Can a shell script set environment variables of the calling shell?


Question

I'm trying to write a shell script that, when run, will set some environment variables that will stay set in the caller's shell.

setenv FOO foo

in csh/tcsh, or

export FOO=foo

in sh/bash only set it during the script's execution.

I already know that

source myscript

will run the commands of the script rather than launching a new shell, and that can result in setting the "caller's" environment.

But here's the rub:

I want this script to be callable from either bash or csh. In other words, I want users of either shell to be able to run my script and have their shell's environment changed. So 'source' won't work for me, since a user running csh can't source a bash script, and a user running bash can't source a csh script.

Is there any reasonable solution that doesn't involve having to write and maintain TWO versions on the script?

1
386
8/31/2018 4:20:09 PM

Accepted Answer

Your shell process has a copy of the parent's environment and no access to the parent process's environment whatsoever. When your shell process terminates any changes you've made to its environment are lost. Sourcing a script file is the most commonly used method for configuring a shell environment, you may just want to bite the bullet and maintain one for each of the two flavors of shell.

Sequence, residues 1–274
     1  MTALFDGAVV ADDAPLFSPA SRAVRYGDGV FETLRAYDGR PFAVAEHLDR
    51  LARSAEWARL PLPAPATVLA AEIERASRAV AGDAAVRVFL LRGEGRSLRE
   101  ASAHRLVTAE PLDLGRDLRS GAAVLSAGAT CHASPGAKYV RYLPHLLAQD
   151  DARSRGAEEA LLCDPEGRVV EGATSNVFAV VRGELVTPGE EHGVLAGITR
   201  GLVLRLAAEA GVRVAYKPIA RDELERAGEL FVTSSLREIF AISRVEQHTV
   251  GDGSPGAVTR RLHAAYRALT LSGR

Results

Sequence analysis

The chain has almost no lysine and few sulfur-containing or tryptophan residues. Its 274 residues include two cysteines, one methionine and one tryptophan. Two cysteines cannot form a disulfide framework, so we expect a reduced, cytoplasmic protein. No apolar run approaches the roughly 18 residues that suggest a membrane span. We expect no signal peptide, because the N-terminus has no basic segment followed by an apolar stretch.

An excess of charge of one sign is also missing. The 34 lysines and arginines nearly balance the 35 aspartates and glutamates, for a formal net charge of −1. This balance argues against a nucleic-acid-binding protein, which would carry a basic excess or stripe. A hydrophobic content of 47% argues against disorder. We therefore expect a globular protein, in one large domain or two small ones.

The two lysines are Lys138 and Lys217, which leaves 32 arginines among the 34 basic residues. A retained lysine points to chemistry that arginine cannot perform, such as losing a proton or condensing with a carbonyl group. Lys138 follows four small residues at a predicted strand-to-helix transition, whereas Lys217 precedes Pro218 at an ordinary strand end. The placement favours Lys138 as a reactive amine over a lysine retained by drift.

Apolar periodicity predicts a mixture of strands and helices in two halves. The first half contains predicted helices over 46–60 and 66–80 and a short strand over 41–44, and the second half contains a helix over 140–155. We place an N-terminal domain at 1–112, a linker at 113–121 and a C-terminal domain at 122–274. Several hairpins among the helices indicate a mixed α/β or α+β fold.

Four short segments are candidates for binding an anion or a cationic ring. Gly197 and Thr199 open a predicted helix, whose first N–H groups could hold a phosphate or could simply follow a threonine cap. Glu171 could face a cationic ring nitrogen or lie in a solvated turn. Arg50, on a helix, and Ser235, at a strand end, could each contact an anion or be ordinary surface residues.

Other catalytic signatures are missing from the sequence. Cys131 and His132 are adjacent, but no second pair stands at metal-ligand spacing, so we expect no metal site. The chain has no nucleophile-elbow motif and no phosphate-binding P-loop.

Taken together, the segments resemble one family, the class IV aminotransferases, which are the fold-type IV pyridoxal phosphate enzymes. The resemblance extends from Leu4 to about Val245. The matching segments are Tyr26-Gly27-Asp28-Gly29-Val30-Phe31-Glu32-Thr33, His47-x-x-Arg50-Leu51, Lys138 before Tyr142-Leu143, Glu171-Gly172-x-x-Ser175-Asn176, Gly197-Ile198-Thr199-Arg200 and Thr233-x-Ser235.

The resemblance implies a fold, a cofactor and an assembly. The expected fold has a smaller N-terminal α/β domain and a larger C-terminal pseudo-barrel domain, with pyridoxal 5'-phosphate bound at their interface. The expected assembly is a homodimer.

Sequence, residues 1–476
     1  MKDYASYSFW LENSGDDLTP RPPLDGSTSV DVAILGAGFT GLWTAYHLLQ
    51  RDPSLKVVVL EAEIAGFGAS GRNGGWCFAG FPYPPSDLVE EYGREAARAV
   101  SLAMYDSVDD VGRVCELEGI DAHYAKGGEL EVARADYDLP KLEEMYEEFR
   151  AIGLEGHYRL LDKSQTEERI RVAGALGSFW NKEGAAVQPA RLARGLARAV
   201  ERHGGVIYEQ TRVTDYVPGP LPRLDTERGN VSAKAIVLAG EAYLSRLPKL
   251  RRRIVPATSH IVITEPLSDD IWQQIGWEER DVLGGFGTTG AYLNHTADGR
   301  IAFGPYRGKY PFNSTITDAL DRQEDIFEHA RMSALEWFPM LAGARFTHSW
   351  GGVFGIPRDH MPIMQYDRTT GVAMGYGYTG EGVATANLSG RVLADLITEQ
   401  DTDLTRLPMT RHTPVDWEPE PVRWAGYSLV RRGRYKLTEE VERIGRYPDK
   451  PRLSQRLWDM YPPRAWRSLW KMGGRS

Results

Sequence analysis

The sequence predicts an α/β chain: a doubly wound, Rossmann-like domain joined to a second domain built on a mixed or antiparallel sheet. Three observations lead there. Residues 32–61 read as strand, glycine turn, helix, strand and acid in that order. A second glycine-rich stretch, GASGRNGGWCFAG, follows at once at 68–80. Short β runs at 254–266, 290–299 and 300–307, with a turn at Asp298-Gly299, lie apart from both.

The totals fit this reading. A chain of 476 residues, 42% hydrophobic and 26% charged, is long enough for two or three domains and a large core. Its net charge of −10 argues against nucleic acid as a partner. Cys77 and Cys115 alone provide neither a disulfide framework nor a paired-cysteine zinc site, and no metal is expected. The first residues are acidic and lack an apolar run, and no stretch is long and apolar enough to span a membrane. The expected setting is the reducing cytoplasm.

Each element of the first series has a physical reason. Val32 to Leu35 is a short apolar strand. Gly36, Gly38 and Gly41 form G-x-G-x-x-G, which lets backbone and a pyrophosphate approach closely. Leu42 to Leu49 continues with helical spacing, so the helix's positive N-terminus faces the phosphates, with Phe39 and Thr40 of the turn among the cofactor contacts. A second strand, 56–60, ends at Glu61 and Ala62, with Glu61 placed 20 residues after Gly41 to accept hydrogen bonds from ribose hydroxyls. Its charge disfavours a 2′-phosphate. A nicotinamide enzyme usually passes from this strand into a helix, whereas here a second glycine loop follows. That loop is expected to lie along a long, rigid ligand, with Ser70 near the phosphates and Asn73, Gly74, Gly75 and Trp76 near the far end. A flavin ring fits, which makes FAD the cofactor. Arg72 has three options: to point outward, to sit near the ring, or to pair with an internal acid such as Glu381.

244
6/5/2014 2:43:25 PM

Use the "dot space script" calling syntax. For example, here's how to do it using the full path to a script:

. /path/to/set_env_vars.sh

And here's how to do it if you're in the same directory as the script:

. set_env_vars.sh

These execute the script under the current shell instead of loading another one (which is what would happen if you did ./set_env_vars.sh). Because it runs in the same shell, the environmental variables you set will be available when it exits.

This is the same thing as calling source set_env_vars.sh, but it's shorter to type and might work in some places where source doesn't.


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